Tuesday, October 11, 2005

11 October 2005 - Monday Tasting Notes

Too Much! Despite increasing consumption in the USA, the world is glutted with wine. The day after reading that wine has replaced beer as the most popular alcoholic beverage in the United States, I read an article in the NYTimes about an AOC producer in southern France who was selling off half his 2003 vintage wine to an ethanol distiller for adding to gasoline. Yesterday we tasted several wines from a terrific producer in France's south whose wines are sitting unsold in the distributor's warehouse with little hope of moving without prices being slashed to below cost. Why? Because the market can only handle so many of the wines from different producers of any given region in the world, known or unkown, before the market is saturated. It's not even a matter of reducing prices, it's a matter of space, time, focus and energy.

Montepulciano. The grape, not the place. Montepulciano d'Abruzzo, or Montepulciano from the Abruzzo region east of the Apennines and Tuscany, is underrated, underappreciated and ready to emerge from Sangiovese's shadow. We tasted a few extraordinary Montepulcianos yesterday:
1. Masciarelli "Marina Cvetic" '01 - The '00 was a revelation, but this one, wow. Dark, deep, concentrated, dense and perfectly balanced -- exceptional.
2. Three wines from Dante Marramiero, all made in a distinctly modern style, but still distinctly Abruzzi Montepulciano (Think Alejandro Fernandez and Pesquera from Ribera del Duero in Spain). "Dama" '03 is the "baby" -- so pretty and polished and pure; "Inferi" '00, almost too juicy and ripe at the expense of some grip, the sort of Montepulciano that would convert California Cabernet drinkers to Abruzzi wines; and finally "Dante Marramiero" '98 - as often happens to me when I taste the "top of the line red" entry of a winery, the new oak gets to me and I end up preferring the #2 wine (in this case, the "Inferi") - still, impressive.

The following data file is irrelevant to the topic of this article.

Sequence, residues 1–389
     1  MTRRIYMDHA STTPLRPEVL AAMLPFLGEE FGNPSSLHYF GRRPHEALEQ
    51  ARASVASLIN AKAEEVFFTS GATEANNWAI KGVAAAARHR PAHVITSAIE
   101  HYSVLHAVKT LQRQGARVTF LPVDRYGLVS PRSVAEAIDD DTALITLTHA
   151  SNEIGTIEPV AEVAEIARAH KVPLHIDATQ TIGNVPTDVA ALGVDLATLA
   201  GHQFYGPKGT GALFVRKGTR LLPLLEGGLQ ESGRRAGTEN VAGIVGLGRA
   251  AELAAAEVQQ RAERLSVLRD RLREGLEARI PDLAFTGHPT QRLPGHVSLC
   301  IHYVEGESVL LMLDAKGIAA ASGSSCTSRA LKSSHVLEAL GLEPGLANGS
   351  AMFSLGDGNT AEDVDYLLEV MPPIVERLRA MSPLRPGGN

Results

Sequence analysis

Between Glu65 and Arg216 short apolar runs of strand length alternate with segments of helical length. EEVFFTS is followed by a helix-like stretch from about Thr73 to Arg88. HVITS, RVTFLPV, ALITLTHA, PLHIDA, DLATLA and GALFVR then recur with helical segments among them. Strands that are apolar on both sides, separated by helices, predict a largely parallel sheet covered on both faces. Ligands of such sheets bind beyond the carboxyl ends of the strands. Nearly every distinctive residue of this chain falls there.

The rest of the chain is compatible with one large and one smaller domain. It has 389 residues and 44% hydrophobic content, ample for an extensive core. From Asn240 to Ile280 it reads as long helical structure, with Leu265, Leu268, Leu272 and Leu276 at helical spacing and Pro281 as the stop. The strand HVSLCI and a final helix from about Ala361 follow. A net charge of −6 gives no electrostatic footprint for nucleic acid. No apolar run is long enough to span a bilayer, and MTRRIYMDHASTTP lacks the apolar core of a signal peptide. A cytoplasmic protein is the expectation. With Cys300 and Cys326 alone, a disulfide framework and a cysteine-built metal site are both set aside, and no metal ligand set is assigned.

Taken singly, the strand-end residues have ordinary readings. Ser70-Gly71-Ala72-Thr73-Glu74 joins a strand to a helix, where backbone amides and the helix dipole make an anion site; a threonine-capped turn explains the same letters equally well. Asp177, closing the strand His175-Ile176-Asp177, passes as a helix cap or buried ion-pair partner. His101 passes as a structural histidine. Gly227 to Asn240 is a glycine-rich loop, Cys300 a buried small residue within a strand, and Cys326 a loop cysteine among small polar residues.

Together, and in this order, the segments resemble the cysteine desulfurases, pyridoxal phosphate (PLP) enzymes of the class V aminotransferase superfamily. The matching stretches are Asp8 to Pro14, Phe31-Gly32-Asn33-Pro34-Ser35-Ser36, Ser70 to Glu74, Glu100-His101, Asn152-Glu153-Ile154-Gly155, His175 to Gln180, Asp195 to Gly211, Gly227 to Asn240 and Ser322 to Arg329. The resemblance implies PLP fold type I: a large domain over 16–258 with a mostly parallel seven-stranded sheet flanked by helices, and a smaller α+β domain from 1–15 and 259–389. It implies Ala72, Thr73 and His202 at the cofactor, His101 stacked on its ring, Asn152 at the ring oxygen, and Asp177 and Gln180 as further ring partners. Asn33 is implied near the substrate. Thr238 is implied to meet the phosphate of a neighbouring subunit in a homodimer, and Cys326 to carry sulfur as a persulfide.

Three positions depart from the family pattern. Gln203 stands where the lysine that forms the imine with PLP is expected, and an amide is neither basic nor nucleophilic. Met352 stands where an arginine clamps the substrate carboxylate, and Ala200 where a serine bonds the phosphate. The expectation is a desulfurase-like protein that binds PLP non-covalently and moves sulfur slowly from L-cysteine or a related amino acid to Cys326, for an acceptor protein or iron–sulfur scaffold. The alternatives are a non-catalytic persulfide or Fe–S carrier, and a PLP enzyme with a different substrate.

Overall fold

All in all, a great day for Montepulciano d'Abruzzo.

Sancerre in New Zealand? The big, high quality Loire firm of Henri Bourgoise purchased property in Marlborough, New Zealand, and released its first wine, Clos Henri Sauvignon Blanc '04. Tasting it (sort of herb-spiked grapefruit juice with alcohol) yesterday, I thought: "For the same price, I could be drinking Henri Bourgoise Sancerre Cuvee MD, and enjoying it a whole lot more." I've tasted better New Zealand Sauvignon Blanc (Seresin comes to mind) and much better Loire Sauvignon Blanc. In short, nope, no Sancerre in New Zealand.

Consistent Goodness. Three wines, one from Woodward Canyon's Nelms Road label and two from the Perrin brothers Tablas Creek, reminded me to start a short list of great wine producers (and a different short list of great wine importers) who consistently make terrific, often eye-opening wine. My short list would have to include Woodward Canyon in Washington state's Columbia Valley and Perrin et Fils of Chateau de Beaucastel in Chateauneuf du Pape and other points in southern France as well as of Tablas Creek in Paso Robles, California.